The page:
With so many fighting games floating around last year it was extremely easy to miss one here and there. Arc System Works, best known for their beloved Guilty Gear franchise, delivered one such game last year in the form of BlazBlue. I can probably count on my fingers the number of people I knew that owned this game, which is sad as it also happened to be one of the most enjoyable experiences I had with a fighter in a long time. Arguments aside about its balance, Aksys Games have brought forth another chance to experience this eccentric fighter with the PSP version. This outing is a carbon copy of last year’s console experience, which for anyone who played it knows, is a true accomplishment.
For anyone who has played Guilty Gear, or the original BlazBlue will know what to expect here. Arc System Works creates some truly deep mechanics wrapped in some of the most insane character designs and topped-off with easy-to-pick-up mechanics. What that boils down to is a game that is fun to play regardless if your skill level. Translating that to the PSP was no small task, especially considering the fact that the original game is still considered one of the most fluid and gorgeous 2D fighters ever created.
Trimming down the game to a portable console does come with its setbacks. First and foremost are the controls. Anyone used to playing games with a giant arcade stick will likely find their fingers cramping up quickly as they attempt to blast out some of the more complex combos, especially if you own a PSPGo. Fighting games can work on a handheld system, but when games offer split-second timing and flawless transitions between button movements, the PSP is definitely not the most accurate. This is another prime example of a game simply being ported over to the handheld instead of being designed for one. This will likely only effect people who are serious about combos and learning the depth of the combat system, and without a true online mode that might be a moot point.
Speaking of multi-player these types of games shine when played with other players. BlazBlue Portable does support the local ad-hoc feature for playing with friends, but if you don’t know anyone with the game you are simply out of luck. There is no traditional online mode thus eliminating half of the appeal of the series altogether. To compensate the developers have added a new mode called Legion where you select a collection of combatants and play out a series of battles against the AI across the levels. This is really a glorified arcade mode where you can switch between multiple characters without having to go back to the menu screen, but this is also the kind of modes a game like this needs on a portable system.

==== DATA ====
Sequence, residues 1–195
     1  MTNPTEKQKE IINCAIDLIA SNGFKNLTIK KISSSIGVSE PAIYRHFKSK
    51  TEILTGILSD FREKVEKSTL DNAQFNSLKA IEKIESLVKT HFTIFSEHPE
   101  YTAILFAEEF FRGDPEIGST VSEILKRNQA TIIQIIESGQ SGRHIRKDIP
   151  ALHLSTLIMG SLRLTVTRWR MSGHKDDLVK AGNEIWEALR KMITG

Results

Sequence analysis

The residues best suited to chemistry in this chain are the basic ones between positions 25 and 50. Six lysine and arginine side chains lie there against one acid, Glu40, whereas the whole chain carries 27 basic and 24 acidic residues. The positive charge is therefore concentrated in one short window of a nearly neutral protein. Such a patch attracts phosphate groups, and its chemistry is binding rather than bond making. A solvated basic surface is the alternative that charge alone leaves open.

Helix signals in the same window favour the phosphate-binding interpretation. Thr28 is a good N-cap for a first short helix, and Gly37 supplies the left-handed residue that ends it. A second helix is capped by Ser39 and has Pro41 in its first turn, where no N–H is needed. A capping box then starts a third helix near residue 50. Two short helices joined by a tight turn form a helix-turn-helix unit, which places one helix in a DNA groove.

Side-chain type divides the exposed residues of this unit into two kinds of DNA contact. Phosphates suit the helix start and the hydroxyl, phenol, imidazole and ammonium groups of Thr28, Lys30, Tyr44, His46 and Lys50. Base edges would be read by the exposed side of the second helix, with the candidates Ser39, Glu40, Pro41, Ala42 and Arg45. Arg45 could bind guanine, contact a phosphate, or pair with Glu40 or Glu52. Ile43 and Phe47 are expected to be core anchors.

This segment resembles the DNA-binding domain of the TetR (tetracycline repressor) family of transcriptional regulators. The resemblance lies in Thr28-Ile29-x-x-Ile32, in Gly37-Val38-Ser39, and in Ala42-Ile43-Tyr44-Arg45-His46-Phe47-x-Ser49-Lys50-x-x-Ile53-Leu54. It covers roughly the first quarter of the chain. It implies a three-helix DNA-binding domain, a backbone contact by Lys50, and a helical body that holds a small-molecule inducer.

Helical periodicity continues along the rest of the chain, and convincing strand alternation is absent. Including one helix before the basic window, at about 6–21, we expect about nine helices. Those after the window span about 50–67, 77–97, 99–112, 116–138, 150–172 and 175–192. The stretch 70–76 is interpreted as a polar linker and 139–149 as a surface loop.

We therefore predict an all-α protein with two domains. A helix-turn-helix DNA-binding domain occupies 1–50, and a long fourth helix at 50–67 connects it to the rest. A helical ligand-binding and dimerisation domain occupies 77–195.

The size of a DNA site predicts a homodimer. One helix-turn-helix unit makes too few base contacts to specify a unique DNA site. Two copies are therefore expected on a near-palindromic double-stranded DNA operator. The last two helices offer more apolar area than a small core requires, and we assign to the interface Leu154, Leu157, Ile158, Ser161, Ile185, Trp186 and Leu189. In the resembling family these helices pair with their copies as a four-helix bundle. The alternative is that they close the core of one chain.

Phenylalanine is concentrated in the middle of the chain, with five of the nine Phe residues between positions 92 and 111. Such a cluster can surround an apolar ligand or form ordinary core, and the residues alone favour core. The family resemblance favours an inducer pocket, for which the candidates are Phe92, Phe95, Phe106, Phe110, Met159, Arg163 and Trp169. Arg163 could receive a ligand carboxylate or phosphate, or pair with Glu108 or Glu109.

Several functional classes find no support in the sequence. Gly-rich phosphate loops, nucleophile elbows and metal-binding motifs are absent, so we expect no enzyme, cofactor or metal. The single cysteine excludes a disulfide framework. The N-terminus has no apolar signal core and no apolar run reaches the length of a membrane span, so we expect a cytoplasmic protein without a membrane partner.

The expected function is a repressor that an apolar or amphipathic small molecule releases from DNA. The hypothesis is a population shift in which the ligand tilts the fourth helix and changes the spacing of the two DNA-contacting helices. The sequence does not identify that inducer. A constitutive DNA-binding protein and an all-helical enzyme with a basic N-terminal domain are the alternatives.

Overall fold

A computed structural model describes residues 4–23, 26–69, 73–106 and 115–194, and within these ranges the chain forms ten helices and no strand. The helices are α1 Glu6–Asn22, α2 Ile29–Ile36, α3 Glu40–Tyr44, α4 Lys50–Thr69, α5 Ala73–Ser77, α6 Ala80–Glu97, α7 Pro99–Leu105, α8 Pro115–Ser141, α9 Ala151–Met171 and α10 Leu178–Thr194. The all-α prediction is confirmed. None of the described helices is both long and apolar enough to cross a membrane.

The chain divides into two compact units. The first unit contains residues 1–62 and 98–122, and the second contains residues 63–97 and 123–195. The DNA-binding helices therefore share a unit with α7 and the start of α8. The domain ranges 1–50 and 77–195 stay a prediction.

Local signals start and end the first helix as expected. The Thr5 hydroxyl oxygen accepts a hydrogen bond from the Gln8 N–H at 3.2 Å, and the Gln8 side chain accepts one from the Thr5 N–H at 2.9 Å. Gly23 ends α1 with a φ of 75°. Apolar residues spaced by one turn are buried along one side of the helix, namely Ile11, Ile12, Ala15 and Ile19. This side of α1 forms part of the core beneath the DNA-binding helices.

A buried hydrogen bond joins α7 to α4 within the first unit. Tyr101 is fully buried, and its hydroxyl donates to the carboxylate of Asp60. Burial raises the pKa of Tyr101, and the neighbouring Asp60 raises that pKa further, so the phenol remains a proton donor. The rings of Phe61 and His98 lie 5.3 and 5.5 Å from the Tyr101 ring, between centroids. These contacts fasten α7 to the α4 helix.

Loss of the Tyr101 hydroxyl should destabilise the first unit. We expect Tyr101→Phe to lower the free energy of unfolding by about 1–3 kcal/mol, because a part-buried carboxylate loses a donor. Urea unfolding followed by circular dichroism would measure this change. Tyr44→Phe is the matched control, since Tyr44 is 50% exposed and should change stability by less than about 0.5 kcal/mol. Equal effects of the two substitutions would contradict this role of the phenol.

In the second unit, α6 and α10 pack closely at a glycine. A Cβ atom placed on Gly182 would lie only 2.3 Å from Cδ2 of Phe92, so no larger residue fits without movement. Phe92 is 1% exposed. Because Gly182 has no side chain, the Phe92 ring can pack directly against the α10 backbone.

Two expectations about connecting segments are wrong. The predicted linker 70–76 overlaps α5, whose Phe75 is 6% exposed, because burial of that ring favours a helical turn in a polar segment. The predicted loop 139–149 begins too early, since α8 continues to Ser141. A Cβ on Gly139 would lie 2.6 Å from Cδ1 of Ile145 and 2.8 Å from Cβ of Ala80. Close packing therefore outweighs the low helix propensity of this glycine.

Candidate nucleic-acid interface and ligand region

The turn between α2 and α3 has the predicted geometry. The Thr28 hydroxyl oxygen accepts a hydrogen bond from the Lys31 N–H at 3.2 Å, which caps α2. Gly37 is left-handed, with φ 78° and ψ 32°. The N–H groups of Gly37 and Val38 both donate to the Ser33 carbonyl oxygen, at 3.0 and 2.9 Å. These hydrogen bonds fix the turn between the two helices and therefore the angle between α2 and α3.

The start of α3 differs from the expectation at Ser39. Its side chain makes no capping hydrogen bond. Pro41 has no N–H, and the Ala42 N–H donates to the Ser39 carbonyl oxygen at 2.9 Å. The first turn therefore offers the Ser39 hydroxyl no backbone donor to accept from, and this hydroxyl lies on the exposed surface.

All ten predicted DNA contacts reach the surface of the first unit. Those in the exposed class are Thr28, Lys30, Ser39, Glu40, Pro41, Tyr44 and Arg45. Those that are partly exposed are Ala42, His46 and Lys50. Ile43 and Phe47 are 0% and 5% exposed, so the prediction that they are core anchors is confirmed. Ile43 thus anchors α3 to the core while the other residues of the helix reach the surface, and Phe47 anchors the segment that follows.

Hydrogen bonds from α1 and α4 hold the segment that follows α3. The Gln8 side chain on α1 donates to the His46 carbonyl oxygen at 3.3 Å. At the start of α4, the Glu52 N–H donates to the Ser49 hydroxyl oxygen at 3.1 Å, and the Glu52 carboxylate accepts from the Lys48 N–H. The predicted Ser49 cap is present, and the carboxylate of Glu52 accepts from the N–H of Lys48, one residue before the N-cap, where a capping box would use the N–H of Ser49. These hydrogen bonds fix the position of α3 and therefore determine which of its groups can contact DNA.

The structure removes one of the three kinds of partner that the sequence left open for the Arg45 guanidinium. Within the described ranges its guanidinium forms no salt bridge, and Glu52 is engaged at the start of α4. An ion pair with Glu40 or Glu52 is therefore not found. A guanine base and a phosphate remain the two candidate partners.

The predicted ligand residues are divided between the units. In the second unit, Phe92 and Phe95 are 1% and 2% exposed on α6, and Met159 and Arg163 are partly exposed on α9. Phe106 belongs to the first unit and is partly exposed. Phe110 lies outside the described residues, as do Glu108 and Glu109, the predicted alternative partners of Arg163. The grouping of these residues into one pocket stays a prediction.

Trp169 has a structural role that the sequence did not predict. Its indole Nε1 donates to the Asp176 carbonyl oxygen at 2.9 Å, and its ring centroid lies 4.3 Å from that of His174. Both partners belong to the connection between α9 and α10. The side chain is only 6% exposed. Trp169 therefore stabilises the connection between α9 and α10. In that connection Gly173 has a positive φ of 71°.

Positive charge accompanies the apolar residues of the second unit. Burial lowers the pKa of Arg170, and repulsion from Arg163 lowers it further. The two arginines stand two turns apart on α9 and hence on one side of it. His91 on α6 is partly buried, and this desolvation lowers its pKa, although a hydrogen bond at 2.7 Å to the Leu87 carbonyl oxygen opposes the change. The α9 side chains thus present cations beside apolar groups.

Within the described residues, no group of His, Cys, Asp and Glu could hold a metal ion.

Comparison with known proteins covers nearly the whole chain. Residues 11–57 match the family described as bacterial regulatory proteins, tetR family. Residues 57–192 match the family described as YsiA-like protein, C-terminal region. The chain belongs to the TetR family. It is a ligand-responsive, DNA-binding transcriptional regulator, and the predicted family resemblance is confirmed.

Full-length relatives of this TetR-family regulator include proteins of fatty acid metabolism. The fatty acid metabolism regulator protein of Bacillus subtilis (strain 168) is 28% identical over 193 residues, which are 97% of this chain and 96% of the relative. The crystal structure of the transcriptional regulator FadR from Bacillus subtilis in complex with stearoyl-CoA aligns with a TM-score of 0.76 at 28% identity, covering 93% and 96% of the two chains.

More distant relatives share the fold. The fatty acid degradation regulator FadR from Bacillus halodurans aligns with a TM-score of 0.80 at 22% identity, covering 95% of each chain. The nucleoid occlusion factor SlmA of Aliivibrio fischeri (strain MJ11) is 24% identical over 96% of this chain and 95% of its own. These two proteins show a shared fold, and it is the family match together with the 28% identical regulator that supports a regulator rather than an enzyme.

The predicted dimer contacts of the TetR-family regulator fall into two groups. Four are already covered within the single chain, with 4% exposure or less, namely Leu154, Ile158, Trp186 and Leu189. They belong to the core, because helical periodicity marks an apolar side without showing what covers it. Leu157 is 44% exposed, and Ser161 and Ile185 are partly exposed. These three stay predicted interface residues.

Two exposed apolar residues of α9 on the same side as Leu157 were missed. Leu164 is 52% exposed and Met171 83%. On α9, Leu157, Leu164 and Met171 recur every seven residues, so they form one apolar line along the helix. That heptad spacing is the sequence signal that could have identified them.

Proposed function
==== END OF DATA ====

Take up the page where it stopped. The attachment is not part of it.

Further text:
With all of that aside if you can get past its setbacks, BlazBlue Portable is one fine piece of software. The complexity of the battle system and plethora of modes and unlockables really beef up the experience. For instance the characters within the game are some of the most obscure and appealing for a game in some time. The traditional badass Ragna, the creepy vampire girl Rachel Alucard and even a vigilante named Carl Clover who uses a doll as his sister are as interesting as they sound. Combing through their convoluted storylines and hearing the obtuse dialogue is really half of the experience. The game is so jam-packed with character and style it is hard not to have a good time just messing around with it.
The visuals are what you would expect from a ported-down version of a console game. Amazingly the bite-sized version still retains a lot of the incredible animation from the console game with just a bit more pixelization, but that is to be expected. The backgrounds are truly impressive as they sport some creative animations and really make each stage feel different from the rest. The one area this game does not skimp out on is presentation and whether you like it or not, you can’t help but respect it.
BlazBlue Portable is truly a remarkable title that fans of the original will appreciate. If you like fighting games and have already experienced Arc’s latest this version is certainly not going to deliver a brand new experience; in fact it may frustrate you due to technical limitations. However, if you love fighting games and don’t mind playing them on a portable console with cramped controls you will be hard pressed to find a better experience out there. BlazBlue may define obscurity, but it also proves that 2D fighters can still be the cream of the crop.
Review copy provided by publisher.